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Unsolicited Advice for Technology Writers (2014) (thefrailestthing.com)
26 points by thomasjbevan 4 days ago | hide | past | favorite | 16 comments





Desplite the original title (HN's clarified it), the topic isn't technical writing as might be presumed, but writing on technology, and mostly the sort of pie-eyed, overly credulous and bombastically optimistic variety that's often found. Even, occasionally, on the pages on Hacker News.

The list is a set of tired tropes which occur with some frequency.

It's short. There are links to expanded discussion. The context is a 10-year blog of the author's on the larger topic of technology and technological criticism, and yes, there's a book, pay-what-you-can, CC-licensed: https://gumroad.com/l/CWRfq

I might have added, substituted, or amended a few items, most especially that there is actually something of a history and philosophy of technological criticism, but that's me. The latter point is picked up in the blog at large and the book.

For an item I very nearly passed over on account of its original title, this is actually an intruiging find. Thanks to thomasbjeven for turning it up, and L.M. Sacasas for writing it.


CC-BY-ND-NC licence, specifically.

11. Don't refer to anything as simple just because it is simple to you.

The article could do with more substance overall but this is one of my biggest pet peeves and I appreciate it being pointed out. I think the tendency of some tech articles/tutorials to refer to things as simple is part of the faux-friendly-jokey attitude that a lot of tech writing adopts—especially on sites like Medium. That and emojis and gifs. I tend to close an article/tutorial as soon as I see an emoji or a gif.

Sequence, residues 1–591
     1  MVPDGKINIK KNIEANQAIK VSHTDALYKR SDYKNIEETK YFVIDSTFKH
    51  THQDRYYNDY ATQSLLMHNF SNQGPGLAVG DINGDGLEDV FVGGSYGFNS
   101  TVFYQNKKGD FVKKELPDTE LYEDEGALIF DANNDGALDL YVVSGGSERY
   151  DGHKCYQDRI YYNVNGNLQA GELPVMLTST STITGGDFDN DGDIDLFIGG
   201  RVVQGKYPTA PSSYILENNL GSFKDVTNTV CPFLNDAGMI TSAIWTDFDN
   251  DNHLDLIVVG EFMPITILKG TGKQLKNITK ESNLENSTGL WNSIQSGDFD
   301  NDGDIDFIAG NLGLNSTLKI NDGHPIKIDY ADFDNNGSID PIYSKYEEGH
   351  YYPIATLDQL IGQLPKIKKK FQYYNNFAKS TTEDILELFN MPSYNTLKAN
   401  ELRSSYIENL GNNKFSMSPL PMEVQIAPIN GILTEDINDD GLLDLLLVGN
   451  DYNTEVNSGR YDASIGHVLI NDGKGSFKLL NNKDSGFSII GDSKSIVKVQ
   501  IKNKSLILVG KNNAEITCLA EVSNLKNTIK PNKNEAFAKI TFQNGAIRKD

At the very least, gifs should only play when you click them in an article that I'm actually expected to read. Do other people actually enjoy reading static text with a giant low-resolution flickering image on screen next to it? It's just so distracting to me. Seems like Developer Advocates love to do that sort of thing in blog posts.

If you're looking for substance, the article itself is from a related blog on technology, and there's a book compiling ~100 highlight articles from that. The short list is just that: a short list.

A post three days ago highlighted comments here that had the phrase "why not simply": https://news.ycombinator.com/item?id=27415725

> in no particular order …

And what follows is an ordered list. Of mostly unsubstantiated nonsense explained in bloated language. That opposite of what I'd expect from good tech writing.

Is this a satire? It feels like something out of McSweeney's.


Thanks. I was thinking the same thing. The language is hard to read.

http://paulgraham.com/simply.html


> And what follows is an ordered list.

Isn't it just a numbered list? You can number things, but that doesn't mean it's in order of importance, just the order it popped into the writer's head.

> Of mostly unsubstantiated nonsense explained in bloated language. That opposite of what I'd expect from good tech writing.

I agree. At first I thought this was for "tech writing" in the sense of user manuals. But this is for journalists. And it's more just a vague rant.


Most unordered lists like this should be numbered so you can later refer to the points by number.

Every list is ordered. "No particular order" means "dont think they are ordered by importance".

It is list of authors pet peeves, stuff he would like writers to follow. I did not found the language bloated, it was easy to understand.


The headline is confusing, but I think the author means advice for "people who write about technnology", not "technical writers" the profession. The second sentence is pretty clear on the intended audience.

"The craft of scientific writing" is a great book btw.

Wait...I was a tech writer for 20+ years at a major software developer. To me, a tech writer is someone who documents apps or APIs. If true, I don't see what this article has to do with tech writers.

It isn't for that kind of tech writer. It is "for pundits, journalists, bloggers, and assorted scribblers who write about technology".



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